SOURCES: Suzanne Steinbaum, M.D., director, Women's Heart Health, Lenox Hill Hospital, New York City; Howard Selinger, M.D., chair of family medicine, Frank H. Netter MD School of Medicine, Quinnipiac University, Hamden, Conn; Preventing Chronic Disease, news release, May 28, 2015
THURSDAY, May 28, 2015 (HealthDay News) -- They may live in the "City That Never Sleeps," but most New Yorkers still sit around a lot -- an average of seven hours every day, a new study shows.
That estimate may be low, the study authors added, because the data was largely based on what people remembered or admitted to doing.
One local health expert expressed concern.
"With simply sitting more than three hours a day, there is a decrease [in] life expectancy," said Dr. Suzanne Steinbaum, director of Women's Heart Health at Lenox Hill Hospital in New York City. "Moving has become a critical issue for the health of New York, and getting up and walking or taking the stairs needs to be a part of the routine."
The study, appearing May 28 in the publication Preventing Chronic Disease, was led by Stella Yi of the New York University School of Medicine, with help from the New York City Department of Health and Mental Hygiene.
Her team looked at the results of a 2010-2011 survey of almost 3,600 New Yorkers, as well as data from 667 people who agreed to wear gadgets aimed at gauging their time spent moving -- or not.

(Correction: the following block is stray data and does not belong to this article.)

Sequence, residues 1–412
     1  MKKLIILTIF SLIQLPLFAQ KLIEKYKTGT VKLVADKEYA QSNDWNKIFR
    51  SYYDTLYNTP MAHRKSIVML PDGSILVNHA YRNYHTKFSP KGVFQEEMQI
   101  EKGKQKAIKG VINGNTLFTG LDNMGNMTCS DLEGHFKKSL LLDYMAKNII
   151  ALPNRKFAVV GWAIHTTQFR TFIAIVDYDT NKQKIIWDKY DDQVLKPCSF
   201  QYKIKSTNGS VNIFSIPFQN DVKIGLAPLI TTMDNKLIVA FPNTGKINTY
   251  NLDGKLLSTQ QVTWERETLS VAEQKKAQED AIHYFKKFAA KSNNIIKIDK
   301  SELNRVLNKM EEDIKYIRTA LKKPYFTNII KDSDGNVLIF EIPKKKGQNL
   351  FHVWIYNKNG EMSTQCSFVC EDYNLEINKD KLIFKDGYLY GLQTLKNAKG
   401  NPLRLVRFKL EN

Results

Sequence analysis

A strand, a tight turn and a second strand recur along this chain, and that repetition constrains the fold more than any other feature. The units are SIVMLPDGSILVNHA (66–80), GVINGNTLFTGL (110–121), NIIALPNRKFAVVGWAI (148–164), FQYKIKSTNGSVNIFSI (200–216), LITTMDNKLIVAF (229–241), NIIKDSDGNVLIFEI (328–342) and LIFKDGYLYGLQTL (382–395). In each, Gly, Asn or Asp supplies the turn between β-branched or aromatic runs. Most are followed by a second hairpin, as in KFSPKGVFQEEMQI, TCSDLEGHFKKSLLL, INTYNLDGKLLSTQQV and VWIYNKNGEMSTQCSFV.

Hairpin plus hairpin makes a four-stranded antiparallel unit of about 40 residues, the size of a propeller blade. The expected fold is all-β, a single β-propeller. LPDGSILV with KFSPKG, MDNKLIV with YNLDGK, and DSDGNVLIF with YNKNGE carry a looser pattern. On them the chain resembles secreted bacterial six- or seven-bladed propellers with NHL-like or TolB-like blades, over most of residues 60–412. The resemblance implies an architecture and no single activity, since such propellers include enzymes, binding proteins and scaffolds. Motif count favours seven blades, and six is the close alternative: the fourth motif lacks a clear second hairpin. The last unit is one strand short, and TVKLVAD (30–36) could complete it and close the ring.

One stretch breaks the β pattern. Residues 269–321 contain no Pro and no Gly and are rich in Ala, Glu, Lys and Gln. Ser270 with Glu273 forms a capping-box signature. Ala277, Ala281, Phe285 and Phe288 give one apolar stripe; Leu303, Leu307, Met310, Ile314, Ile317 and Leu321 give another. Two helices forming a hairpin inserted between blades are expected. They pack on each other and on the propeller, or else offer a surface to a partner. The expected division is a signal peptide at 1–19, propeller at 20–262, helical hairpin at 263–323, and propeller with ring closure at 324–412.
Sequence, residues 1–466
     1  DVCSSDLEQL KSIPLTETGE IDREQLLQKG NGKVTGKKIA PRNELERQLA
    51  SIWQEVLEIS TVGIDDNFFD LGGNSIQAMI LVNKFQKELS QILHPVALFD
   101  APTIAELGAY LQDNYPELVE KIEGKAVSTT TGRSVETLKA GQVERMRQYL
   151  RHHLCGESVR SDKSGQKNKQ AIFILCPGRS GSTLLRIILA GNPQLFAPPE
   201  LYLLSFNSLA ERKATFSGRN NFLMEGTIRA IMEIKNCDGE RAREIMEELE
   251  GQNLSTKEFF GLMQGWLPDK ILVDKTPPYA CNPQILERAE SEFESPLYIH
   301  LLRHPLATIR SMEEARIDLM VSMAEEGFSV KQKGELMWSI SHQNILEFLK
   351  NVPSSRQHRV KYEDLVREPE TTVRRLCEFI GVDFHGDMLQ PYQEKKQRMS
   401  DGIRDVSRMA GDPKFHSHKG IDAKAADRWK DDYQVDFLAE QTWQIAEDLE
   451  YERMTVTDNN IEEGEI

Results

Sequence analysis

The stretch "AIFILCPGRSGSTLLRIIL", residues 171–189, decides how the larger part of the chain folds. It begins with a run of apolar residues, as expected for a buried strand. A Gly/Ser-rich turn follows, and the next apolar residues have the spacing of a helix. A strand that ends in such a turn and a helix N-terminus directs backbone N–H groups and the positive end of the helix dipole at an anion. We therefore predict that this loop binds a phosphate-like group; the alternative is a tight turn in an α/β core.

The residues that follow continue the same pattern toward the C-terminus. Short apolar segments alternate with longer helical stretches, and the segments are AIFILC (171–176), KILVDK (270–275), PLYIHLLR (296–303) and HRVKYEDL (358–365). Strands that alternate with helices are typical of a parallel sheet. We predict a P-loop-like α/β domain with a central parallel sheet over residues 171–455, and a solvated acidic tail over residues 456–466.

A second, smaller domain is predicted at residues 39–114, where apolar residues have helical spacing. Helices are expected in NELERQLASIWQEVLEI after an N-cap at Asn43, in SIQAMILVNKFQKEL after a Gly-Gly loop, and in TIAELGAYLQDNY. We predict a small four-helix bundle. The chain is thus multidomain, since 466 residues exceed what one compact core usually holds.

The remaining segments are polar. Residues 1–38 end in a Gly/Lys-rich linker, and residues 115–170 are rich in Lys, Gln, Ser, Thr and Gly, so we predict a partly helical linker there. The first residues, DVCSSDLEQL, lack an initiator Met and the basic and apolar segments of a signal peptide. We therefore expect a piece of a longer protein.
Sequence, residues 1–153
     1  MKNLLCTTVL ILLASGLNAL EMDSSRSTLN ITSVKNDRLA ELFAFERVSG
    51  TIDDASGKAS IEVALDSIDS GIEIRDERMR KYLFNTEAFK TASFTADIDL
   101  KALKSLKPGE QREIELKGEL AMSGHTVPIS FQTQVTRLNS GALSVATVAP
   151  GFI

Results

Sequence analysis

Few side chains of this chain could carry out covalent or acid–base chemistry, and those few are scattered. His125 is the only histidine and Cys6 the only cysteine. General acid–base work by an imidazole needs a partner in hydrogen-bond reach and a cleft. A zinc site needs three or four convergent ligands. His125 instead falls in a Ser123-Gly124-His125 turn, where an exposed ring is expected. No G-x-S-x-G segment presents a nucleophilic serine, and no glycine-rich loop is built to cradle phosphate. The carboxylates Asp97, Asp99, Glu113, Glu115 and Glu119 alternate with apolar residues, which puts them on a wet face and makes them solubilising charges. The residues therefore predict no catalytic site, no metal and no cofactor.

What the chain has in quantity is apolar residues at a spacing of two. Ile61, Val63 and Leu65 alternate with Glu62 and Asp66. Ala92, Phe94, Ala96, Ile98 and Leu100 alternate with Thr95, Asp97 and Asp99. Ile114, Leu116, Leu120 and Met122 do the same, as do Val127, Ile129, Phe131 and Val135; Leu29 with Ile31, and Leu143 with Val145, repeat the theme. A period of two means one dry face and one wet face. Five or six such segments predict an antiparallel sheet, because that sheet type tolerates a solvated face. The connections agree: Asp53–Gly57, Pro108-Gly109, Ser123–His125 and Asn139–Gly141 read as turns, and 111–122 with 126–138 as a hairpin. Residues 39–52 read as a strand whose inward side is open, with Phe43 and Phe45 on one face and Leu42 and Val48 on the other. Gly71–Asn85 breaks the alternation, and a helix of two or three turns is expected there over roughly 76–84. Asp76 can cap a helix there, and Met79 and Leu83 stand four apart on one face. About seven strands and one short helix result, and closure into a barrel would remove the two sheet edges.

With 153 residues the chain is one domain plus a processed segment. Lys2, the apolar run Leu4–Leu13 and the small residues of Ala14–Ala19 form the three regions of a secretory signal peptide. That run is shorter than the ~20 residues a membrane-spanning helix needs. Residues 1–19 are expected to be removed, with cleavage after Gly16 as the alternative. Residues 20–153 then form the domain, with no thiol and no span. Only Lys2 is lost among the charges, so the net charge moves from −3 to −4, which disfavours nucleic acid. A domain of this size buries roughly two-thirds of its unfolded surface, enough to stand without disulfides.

The self-reports from the survey found that people averaged about four hours of sitting in the daytime and another three hours in the evening hours. Residents of the borough of Manhattan spent even more time -- about eight hours per day -- on their backsides, the study found.
Self-reported sitting time was highest among people 65 and older (nearly nine hours), but there was no difference between the sexes in terms of time spent sitting, the researchers said.
Rates were even higher when Yi's team focused on those who wore the movement-tracking gadgets. On average, those participants were found to be sitting for more than eight hours per day, the team found.
The bottom line, according to the researchers: "Interventions for decreasing sitting time are needed to improve health outcomes across all groups."
Dr. Howard Selinger is chair of family medicine at Quinnipiac University School of Medicine in Hamden, Conn. He stressed that numerous studies have revealed the dangers of parking in sofas and chairs.
"Prolonged sitting has many unhealthy repercussions," he said, including "obesity, related diabetes, hypertension, severe varicose veins, chronic leg swelling and chronic skin changes with darkening and leg ulcers."
Steinbaum agreed. "We have heard it said, 'sitting is the new smoking,' " she said. "This is a critical health issue that people need to be aware of so they can make the changes needed to become less sedentary."
The U.S. National Heart, Lung, and Blood Institute offers a guide to physical activity.